The conversations I have had around the hearings and the importance of the Prize have reinforced several issues related to the core value of respect and how it should inform Allegheny’s commitment to civility in our public discourse. These conversations have been particularly meaningful in their focus on sexual misconduct.

Sexual misconduct and assault are a reprehensible affront to humanity. Across this nation, on campuses and in wider communities, sexual assault remains a particularly acute challenge facing America. As I have said in meetings of the faculty and in other forums, it is important that we acknowledge that reality in a candid manner that ensures that victims know their voices are heard and taken seriously. This must remain a commitment that unites us as a campus. It will remain a test of our community’s commitment to our values.

The events of the last several weeks have also invited reflection on what civility means in conversations here and in our wider national politics. This is a matter of particular significance at Allegheny, where the Prize has earned us a voice on the issue of civility in public life.

By Oxford’s definition, civil discourse “does not silence or derogate alternative views, but instead evidences respect.” The civility that I hope for in our public discourse grows from that definition. It is not grounded in polite acceptance of injustice; nor should it remove passion from politics. It should be rooted firmly in respect for every person, a willingness to hear and consider opposing viewpoints, caution in attaching motive to a person’s actions, and, most importantly, a refusal to demonize those with whom we disagree.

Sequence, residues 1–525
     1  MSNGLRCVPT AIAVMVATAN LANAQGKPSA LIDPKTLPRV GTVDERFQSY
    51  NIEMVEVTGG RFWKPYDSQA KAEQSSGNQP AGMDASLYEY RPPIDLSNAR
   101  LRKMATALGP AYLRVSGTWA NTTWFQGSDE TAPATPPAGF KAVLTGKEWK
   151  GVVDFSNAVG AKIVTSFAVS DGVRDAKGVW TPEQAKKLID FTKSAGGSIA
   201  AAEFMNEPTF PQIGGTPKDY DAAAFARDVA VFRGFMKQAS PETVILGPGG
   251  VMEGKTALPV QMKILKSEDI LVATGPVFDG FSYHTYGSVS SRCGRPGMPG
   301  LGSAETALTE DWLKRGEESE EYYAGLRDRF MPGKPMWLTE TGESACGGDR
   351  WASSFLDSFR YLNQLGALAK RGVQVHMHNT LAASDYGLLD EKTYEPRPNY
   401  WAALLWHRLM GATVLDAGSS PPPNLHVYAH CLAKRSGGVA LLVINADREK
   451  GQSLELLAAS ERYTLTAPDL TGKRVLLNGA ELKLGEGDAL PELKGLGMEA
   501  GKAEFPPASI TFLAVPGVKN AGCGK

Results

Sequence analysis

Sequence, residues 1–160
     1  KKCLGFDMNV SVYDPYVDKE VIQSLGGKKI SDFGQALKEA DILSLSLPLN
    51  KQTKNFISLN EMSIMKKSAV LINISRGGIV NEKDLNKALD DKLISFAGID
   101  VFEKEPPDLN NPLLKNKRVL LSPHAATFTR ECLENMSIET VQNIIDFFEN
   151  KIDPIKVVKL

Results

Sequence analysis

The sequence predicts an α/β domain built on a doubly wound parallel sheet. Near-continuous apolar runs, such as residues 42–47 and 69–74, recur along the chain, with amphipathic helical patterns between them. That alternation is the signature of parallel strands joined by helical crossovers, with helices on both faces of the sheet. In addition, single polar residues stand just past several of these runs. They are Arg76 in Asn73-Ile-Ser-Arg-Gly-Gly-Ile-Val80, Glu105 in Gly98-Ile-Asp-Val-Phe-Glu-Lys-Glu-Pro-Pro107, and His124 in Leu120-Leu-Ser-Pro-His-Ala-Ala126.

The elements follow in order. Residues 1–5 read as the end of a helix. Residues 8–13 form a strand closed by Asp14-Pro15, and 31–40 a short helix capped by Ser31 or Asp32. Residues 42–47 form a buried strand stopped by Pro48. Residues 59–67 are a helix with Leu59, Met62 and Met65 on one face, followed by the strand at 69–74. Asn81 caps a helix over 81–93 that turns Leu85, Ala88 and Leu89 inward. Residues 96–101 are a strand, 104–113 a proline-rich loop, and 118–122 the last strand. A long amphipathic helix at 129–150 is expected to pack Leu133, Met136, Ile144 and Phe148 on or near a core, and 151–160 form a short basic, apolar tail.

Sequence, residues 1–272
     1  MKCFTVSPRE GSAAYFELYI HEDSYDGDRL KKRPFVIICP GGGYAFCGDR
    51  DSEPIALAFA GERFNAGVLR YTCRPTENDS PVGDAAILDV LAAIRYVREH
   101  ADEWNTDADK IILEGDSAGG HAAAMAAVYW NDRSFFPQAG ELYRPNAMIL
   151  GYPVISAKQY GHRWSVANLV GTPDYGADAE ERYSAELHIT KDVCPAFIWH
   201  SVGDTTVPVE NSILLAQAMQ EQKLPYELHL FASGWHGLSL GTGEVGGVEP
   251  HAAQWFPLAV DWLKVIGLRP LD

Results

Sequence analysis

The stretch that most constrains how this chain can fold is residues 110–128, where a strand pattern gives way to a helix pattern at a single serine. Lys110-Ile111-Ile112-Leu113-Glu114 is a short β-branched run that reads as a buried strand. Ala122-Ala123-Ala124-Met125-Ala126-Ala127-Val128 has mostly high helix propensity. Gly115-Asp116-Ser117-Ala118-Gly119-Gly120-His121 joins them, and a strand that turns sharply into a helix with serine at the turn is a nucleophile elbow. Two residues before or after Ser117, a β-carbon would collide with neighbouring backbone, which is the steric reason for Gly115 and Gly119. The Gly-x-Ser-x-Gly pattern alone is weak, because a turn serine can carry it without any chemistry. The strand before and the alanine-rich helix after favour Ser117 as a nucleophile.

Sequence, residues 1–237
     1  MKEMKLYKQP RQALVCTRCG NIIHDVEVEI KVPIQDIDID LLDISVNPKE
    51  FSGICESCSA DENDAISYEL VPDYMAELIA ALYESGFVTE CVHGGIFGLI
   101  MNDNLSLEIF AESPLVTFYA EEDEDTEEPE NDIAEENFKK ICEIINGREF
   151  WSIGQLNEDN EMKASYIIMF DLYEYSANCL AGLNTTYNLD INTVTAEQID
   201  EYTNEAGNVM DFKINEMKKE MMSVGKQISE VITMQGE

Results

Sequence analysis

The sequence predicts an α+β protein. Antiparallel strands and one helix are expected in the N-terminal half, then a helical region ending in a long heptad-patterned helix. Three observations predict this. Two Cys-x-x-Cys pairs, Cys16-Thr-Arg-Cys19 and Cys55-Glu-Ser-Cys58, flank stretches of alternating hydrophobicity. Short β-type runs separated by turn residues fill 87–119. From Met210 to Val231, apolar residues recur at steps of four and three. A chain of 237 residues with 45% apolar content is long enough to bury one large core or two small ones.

The civility that I hope for is not the purview of either the right or the left, conservative or liberal. No political philosophy or party is the sole proprietor of either civility or incivility. We should be able to hear and respect both conservative and liberal voices, always trying to win the day by better factual arguments rather than by demonization, insult, or the refusal to listen.

In each of the instances that I reference above, the Allegheny community has stepped up to speak out against injustice, against hatred, and against a lack of respect for the values to which we as a community aspire. In each case, I have heard voices that resonated with conviction and a commitment to civility. Most importantly, I have heard voices that are committed to our Statement of Community and the ongoing work of strengthening our community.

Recently, I was asked to speak at the memorial service for our long-time colleague and professor of political science, Bruce Smith. In my remarks, I quoted from a speech Bruce gave several years ago at matriculation in which he said, “Common ground, wherever it exists, is always in need of repair as well as enlargement.”

Building common ground upon a foundation of respect for each other must remain the unifying theme of our campus community. The work is hard and can be frustrating, but in so many moments over the past months and during the 11 years I have been president, I have seen our campus come together to “repair and enlarge.” With shared purpose, we can continue to do so and, as we do, set an important example for America.